"Open Season" is a rambunctious blast. It's Sony Pictures Animation's first full-length feature film, and no effort was spared getting it right.
The voice cast is talented, the script is as strong and straightforward as a good Disney or Pixar yarn, and the visuals are so well-designed and dazzling that they're occasionally distracting. It doesn't feel like something tossed off for kids by condescending adults, but like a charmed project that appealed to the child inside every one of the grown-ups involved.
The set-up is fairly familiar, a story of animals without many wilderness survival skills teaming up to outwit hunters. The execution, however, is pretty close to flawless.
Boog (voiced by Martin Lawrence) is a domesticated grizzly bear whose trainer, park ranger Beth (Debra Messing) presents him as the star attraction of their mountain town's nature show. Raised with cuddly toys, regular meals, constant doting attention and indoor plumbing, he's completely unprepared for forest life when Beth regretfully returns him to his natural habitat. Boog forms a reluctant partnership with Elliot (Ashton Kutcher), a pesky deer who promises to be his guide through the woods, a pledge that's put to the test when squadrons of humans start shooting at them.
This is a movie where everything is in proportion. The animation balances zany, exaggerated character design against photorealistic surface textures - you can almost feel the coarse density of the animals' fur. The tone is sweetly silly, but there are great eruptions of crude humor (watch for the scene where the horrified nature show audience thinks Boog is clawing Elliott).
There's a bit of pop culture topicality with Starbucks jokes, but also eternally funny poop jokes that will tickle 7-year-olds in 2059. The running gags run just long enough, the cast is deep enough so none of the characters goes stale with too much screen time, and the action pauses every now and then to give us a breather and let the animators show off the pretty pictures they can make. It's a confident film that will pause every once in a while and say, "Hey, look at this. Did you ever see anything so gorgeous?"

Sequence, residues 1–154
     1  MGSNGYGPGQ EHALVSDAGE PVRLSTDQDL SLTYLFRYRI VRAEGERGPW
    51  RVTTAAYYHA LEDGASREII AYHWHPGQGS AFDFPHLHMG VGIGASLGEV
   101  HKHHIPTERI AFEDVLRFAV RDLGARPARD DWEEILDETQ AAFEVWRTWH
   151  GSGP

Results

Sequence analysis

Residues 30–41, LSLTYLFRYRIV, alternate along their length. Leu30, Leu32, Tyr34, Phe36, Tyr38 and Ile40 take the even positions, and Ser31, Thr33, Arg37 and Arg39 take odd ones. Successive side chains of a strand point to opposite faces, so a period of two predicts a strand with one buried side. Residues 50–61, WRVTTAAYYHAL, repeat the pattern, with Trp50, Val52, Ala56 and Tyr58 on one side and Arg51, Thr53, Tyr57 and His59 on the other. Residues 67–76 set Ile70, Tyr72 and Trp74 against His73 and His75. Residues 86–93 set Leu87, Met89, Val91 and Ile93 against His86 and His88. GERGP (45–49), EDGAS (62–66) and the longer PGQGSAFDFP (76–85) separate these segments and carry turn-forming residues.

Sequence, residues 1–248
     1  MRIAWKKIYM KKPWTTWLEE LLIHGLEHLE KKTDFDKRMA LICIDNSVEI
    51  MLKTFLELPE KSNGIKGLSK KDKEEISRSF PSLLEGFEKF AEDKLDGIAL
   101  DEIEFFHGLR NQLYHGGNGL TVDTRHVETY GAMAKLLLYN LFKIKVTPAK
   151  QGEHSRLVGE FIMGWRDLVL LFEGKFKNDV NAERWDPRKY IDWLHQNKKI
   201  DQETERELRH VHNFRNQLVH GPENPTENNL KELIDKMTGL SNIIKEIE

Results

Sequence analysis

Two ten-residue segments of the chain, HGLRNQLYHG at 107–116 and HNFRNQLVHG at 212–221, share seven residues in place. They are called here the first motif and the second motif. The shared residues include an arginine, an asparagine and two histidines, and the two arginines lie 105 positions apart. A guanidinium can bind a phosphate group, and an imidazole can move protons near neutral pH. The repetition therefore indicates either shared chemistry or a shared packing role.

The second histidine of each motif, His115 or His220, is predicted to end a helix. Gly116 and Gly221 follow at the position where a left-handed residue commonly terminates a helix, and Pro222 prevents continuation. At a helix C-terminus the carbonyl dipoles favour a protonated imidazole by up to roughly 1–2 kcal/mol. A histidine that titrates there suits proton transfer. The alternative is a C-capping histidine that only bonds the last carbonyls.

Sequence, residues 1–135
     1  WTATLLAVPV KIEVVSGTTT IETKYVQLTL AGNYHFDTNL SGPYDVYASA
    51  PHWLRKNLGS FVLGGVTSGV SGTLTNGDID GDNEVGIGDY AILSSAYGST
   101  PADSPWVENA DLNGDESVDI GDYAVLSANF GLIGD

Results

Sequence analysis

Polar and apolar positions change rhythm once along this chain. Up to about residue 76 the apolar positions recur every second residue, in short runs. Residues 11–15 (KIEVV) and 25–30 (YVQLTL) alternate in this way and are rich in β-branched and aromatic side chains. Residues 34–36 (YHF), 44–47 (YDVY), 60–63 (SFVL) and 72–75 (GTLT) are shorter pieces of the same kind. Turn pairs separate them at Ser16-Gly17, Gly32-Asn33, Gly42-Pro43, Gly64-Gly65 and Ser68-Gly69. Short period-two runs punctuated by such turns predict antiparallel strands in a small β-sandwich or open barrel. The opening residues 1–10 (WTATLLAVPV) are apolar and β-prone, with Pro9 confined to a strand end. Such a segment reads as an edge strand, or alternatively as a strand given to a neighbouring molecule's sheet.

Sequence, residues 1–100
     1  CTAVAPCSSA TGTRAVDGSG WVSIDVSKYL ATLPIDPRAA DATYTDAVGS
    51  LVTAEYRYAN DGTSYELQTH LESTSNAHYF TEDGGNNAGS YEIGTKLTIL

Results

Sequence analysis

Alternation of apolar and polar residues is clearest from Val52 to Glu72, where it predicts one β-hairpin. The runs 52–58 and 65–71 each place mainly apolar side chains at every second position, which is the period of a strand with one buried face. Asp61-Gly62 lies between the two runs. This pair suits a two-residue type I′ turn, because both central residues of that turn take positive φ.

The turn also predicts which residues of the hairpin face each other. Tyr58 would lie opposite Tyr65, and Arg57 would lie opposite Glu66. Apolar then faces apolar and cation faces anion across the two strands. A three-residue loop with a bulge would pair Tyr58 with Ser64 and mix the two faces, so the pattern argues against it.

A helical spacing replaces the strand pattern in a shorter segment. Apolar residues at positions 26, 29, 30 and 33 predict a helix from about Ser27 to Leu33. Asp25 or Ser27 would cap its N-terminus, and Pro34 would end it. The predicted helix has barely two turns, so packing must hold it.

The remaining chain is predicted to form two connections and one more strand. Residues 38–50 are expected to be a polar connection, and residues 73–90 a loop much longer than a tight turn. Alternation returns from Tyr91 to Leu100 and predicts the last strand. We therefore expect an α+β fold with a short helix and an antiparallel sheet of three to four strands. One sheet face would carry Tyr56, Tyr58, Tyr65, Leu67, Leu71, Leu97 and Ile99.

Open Season ***
It's too bad that "Open Season" is coming out now, at the end of a year that saw a flock of animated flicks about smart-alecky talking animals. This debut offering from Sony Pictures Animation - about a tame bear (voiced by Martin Lawrence) sent back to woods - has a giddy energy about it and a gleeful sense of its own weirdness.
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The film even has a dash of deeper meaning. The classic family cartoons are those that reach the hearts of kids and adults alike, with stories about growing up, gaining independence, leaving the nest. "Open Season" touches on those topics sensitively, enriching the story without tumbling into saccharine sentimentality.
If you prefer to focus on the laughs, "Open Season" will keep you very busy indeed. The finale, where all creatures great and small band together to fight off gun-toting humans, is a rat-a-tat slapstick anarchy. None of the animals is captured, but your heart and funnybone almost certainly will be.